Freshly Polished

RESTAURANT review: In an attempt to update her perceptions, Jill Turton visits Barbakan in York. Pictures by Mike Cowling.

The last Polish meal I ate was way back in the early 90s at the Polish Club in Leeds where we sat at canteen tables and watched retired Polish RAF pilots downing Zywiec beer and Bison vodka and ate vast sausage stews served by kindly overalled ladies. Like school dinners, it had a duel function of being both cheap and filling.

A lot has changed since then. Poland joined the EU in 2004 and between 500,000 and a million Poles have settled here and like every other migrant community they hanker after a taste of home. That’s why we’re heading down Walmgate in York with Ola our Polish neighbour and her Spanish fiancé Jesus. Ola came to England five years ago when there was a push in Poland for pharmacists to come to Britain. Now we’re going for dinner at her favourite Polish restaurant.

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In theory we don’t need her. If pajda ze smalcem, oscypek, golabki and pierogi are impossible to read, the menu carefully translates them: bread and pork dripping, grilled cheese, stuffed cabbage leaves and cheese dumplings and our lovely Polish waitress readily explains everything in immaculate English.

But Ola can fill us in on all the background, the traditions and the food as well as telling us tales of her parents’ farm back home near Wrocklaw in south west Poland. In fact the two of them are going back home at the weekend to meet the priest in readiness for their wedding in May. Her dad makes pickles and Polish sausage that he hangs from the garage beams; mum will be preparing a mighty homecoming feast of beetroot soup and goulash with smietena. Beer will be the only accompaniment, she says, apart of course from alarming quantities of vodka.

Similarly, the Polish husband and wife team behind Barbakan pack plenty into their engaging little restaurant of about 25 covers. They offer six or seven choices at each course of big, gutsy well flavoured dishes of home-style food served with plenty of rye bread and prices pegged at £3-£4 for starters, £7-£10 for mains. There are specials at lunch and dinner and a deli counter for daytime sales.

It may be generous and hearty but this is not school dinner branded in the memory from the Polish club. Here the cooking is far more refined, nicely presented and beautifully matched. A slab of pork and chicken liver pate comes with cranberry jelly and toast. Smalec – a little pot of pork dripping mixed with bits of pork and flavoured with pepper, onion and herbs. Served with sliced dill pickle and bread, it’s far tastier than it sounds.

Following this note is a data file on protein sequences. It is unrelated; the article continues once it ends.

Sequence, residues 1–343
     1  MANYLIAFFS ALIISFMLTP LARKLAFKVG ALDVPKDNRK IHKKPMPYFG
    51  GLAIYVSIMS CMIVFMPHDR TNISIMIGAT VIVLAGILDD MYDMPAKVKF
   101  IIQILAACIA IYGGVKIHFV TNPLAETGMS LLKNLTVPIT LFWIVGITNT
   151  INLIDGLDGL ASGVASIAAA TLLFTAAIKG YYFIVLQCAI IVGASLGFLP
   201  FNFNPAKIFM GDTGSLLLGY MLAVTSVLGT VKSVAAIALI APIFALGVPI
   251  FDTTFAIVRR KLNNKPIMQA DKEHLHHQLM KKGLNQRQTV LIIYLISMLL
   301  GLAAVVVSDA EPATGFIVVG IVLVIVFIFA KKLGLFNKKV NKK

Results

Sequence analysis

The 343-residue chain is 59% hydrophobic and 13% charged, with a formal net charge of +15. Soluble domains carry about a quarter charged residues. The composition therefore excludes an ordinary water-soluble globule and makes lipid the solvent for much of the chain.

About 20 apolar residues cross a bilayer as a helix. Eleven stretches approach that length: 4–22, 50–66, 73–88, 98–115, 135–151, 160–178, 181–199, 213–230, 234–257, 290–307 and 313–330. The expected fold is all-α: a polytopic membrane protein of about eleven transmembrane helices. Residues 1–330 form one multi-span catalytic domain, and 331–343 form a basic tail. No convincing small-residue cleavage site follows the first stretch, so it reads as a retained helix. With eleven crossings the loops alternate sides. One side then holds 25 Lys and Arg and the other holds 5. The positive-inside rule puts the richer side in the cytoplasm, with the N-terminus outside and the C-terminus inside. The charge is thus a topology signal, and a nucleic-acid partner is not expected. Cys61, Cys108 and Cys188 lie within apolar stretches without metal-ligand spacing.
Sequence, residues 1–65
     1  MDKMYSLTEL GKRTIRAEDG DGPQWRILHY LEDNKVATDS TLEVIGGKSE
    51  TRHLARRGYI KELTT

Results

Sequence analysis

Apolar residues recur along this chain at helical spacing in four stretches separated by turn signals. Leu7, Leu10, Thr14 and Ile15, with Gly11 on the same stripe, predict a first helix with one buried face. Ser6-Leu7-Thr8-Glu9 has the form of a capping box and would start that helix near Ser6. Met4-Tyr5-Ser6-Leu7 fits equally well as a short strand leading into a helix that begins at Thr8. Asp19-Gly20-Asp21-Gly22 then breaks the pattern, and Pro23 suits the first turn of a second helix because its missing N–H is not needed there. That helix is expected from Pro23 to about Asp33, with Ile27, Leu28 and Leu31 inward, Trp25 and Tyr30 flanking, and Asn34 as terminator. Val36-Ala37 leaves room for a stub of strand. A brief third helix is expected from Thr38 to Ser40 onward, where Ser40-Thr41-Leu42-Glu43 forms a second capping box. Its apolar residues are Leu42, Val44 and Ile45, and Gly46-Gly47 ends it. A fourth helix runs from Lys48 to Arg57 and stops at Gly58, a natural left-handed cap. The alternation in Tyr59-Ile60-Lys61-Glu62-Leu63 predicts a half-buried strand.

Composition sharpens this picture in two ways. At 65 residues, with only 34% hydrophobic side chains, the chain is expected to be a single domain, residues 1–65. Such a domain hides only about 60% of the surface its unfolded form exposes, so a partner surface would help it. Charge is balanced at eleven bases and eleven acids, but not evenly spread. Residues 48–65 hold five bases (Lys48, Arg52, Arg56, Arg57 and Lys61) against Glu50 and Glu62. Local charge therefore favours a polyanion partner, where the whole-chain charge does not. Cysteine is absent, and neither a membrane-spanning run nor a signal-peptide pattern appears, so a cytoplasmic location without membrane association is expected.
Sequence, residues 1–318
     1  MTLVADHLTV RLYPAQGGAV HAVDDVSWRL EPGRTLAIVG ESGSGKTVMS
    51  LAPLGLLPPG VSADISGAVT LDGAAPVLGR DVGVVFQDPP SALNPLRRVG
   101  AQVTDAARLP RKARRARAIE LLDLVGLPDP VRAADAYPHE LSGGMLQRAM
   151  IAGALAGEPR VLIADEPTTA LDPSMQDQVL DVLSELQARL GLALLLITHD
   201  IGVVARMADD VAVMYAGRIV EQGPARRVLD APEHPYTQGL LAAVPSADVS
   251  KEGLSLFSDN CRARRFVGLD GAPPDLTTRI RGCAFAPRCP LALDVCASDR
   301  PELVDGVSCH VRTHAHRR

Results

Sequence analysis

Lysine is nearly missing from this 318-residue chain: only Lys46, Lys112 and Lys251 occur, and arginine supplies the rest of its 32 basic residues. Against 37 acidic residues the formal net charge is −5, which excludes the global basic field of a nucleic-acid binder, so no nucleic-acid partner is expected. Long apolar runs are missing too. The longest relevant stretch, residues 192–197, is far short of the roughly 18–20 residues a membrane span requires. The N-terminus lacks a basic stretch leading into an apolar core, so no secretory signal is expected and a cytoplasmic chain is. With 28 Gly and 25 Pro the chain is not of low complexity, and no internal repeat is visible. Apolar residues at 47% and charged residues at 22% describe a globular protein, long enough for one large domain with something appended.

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Next up is pierogi, one dish we’ve heard of before: four fried dumplings, two filled with cheese and potato and two with beef. The cheese dumpling is soft and mild while the beef ones are richer and deeply savoury. Another plate has a slice of Oscypek – a smoked sheep’s milk cheese made only in the Tatry mountains. It’s been lightly grilled and is served warm with cranberry jelly. Smokily delicious, it’s my favourite starter.

For mains, Ola directs us to yet more traditional dishes: Placek is goulash wrapped in a potato pancake and topped with sour cream. The meat is soft and tender with a deep winey richness to the gravy. The sour cream cuts through nicely. It is very, very good. I go for beef rolls stuffed with dill pickle. Again the beef has been cooked to long, slow tenderness. It’s hard to discern the distinct taste of pickle because they have cooked down into a wonderful deep earthiness. With pearl barley and beetroot and horseradish it’s a dish that might well sustain a farming family through a harsh Polish winter.

Ola goes for the most traditional dish. Bigos is a Polish hunter’s stew here served in a large hollowed out bread bun containing preserved cabbage a bit like sauerkraut and mixed with meat and Polish sausage and wild mushrooms. The sour cabbage contrasts with the smoky sausage flavours and an earthiness from the mushrooms. It’s a taste new to me I was immediately won over.

After that we can’t manage dessert, though they offer us cheesecake and pastries. But we need to toast the happy couple and thank Ola for guiding us through Polish cuisine, so it’s vodka shots all round. Ola chooses a gentle, herby one which our waitress insists is on the house.

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There’s no reason they could know I’m reviewing it so I can only imagine it’s Polish hospitality. Na zdrowie

* The Barbakan, 58 Walmgate, York YO1 9TL 01904 672474

* Open: Mon-Sat 10am-3pm & Tue-Sat 6pm-10pm Closed Sun.

* Price: Dinner for two including coffee, beer and service about £40 .